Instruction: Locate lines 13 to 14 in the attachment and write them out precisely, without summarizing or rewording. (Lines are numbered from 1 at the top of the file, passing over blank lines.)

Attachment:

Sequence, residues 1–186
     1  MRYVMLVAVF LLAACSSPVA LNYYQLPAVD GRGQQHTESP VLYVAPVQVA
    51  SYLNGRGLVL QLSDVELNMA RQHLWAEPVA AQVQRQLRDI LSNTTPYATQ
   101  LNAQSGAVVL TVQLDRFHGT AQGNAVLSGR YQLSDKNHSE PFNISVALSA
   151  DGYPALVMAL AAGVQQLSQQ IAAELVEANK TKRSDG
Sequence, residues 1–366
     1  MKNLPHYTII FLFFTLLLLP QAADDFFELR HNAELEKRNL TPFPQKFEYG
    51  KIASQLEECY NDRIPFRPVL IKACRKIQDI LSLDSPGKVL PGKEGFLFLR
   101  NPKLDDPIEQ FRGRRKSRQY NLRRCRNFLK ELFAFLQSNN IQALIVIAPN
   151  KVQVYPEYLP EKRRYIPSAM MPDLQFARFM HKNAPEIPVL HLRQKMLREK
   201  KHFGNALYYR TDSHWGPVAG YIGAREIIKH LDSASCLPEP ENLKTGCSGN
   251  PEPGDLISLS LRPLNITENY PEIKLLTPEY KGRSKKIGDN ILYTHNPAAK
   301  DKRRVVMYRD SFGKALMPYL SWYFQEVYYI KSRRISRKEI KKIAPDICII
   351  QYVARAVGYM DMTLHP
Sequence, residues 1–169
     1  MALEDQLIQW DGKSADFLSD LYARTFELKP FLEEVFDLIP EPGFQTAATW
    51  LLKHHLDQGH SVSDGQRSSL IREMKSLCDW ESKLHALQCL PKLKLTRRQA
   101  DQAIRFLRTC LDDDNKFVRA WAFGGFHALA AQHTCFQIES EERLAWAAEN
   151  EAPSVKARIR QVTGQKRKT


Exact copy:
   301  DKRRVVMYRD SFGKALMPYL SWYFQEVYYI KSRRISRKEI KKIAPDICII
   351  QYVARAVGYM DMTLHP